My late grandmother had a shed out behind her house that was always lined with jars of summer preserves, but she was dismissive of her jewelled shelves. She claimed she did all the work out of pure habit. When she was a girl, they did real winter preparations. It was serious business, drying the grains, shaving corn, getting flour milled. It was the stuff of survival, not the modern day practice that was just in case they got snowed in for a few days.
She was born in 1910 and grew up on a farm in Washington State. During the summers I spent with her in the 1960s and 70s, she was still performing remnants of her girlhood training during WWI and then the Depression: Putting up preserves for the long winters. When she was young, preserving the harvest from the previous season also included the seeds of the next’s years crops. Properly dried, put up in sacks and hung from the rafters (at least, that’s how she described it).
By the time I was visiting her, she was using store-bought seeds for her gardening, and didn’t truly worry about not getting through the winter. After all, there were always freezers and supermarkets. By my time, people had started putting up preserves as a hobby, not as a means of survival.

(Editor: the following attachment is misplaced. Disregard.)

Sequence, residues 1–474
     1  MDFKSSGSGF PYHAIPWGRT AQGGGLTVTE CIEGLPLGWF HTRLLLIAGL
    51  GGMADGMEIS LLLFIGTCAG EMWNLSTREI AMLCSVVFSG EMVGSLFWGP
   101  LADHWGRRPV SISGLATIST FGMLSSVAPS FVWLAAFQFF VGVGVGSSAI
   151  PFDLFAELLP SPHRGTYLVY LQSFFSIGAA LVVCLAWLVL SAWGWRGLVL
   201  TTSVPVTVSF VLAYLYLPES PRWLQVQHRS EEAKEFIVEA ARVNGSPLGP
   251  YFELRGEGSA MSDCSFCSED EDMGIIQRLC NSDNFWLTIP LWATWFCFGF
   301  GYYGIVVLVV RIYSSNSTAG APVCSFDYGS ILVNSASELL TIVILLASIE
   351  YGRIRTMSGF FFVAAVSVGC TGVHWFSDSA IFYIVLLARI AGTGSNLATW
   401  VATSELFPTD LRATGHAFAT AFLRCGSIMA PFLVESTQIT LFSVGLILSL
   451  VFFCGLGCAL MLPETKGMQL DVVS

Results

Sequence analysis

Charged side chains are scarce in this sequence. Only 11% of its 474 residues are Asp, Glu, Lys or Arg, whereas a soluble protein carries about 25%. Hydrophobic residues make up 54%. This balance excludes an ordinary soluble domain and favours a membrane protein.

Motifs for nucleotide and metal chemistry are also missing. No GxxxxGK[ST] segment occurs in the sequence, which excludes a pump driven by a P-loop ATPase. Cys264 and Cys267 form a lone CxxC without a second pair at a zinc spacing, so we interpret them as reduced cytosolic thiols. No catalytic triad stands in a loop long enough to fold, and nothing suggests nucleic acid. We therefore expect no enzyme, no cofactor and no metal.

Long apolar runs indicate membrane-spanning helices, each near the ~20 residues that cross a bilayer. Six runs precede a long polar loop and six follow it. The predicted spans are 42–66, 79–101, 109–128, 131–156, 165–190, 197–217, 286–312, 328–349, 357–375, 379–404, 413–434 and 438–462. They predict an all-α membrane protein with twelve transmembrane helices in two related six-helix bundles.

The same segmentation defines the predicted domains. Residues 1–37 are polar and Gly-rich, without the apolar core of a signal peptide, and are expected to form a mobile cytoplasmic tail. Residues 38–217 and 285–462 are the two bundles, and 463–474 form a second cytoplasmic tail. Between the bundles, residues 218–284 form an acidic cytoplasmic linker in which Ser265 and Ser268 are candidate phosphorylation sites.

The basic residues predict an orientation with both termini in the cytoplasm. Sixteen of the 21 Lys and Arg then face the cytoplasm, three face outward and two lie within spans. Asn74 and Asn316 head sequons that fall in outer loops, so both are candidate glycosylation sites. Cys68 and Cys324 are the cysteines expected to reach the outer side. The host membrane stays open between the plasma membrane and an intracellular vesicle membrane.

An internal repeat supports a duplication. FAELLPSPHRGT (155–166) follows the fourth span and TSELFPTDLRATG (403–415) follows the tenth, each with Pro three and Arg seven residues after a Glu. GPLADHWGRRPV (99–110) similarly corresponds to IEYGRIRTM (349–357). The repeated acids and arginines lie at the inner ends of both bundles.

These days, preserving last years crops has taken on a whole new meaning. Around the world, seed archives have been created to safeguard plant species in the face of the climate crisis. As habitats change and disappear, as the climate heats up and becomes less predictable, we are stocking our shelves for tomorrow.
My grandmother Helen passed at age 101, but she would have been fascinated by the new preserves, the stuff we’re putting away for the long summer to come. We are placing hope in our future selves that we will be able to protect biodiversity then, even if we are failing at protecting it now.
All the images here are from the portfolio of Dornith Doherty, who is documenting these archives around the world in her Archiving Eden project.
Unique examples of the world’s plant life, not just for our consumption. They may have to last a lot longer than my grandmother’s winter preserves.